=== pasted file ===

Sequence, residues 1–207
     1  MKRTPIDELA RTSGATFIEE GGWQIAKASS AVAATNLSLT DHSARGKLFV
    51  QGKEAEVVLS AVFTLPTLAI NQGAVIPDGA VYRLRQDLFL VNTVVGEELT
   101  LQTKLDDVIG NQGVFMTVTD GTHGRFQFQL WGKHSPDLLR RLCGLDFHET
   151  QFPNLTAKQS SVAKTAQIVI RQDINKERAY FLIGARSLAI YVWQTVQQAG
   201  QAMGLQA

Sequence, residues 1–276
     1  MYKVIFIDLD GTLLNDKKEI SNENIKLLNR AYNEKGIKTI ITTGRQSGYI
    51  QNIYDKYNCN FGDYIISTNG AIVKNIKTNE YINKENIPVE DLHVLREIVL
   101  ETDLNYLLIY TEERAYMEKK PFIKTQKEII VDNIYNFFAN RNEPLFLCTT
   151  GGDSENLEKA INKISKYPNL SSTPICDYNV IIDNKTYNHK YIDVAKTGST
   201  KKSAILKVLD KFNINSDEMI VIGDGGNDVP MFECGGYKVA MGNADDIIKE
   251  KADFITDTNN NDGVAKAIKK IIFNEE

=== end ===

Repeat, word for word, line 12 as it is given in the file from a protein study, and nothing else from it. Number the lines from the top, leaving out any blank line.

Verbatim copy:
   201  KKSAILKVLD KFNINSDEMI VIGDGGNDVP MFECGGYKVA MGNADDIIKE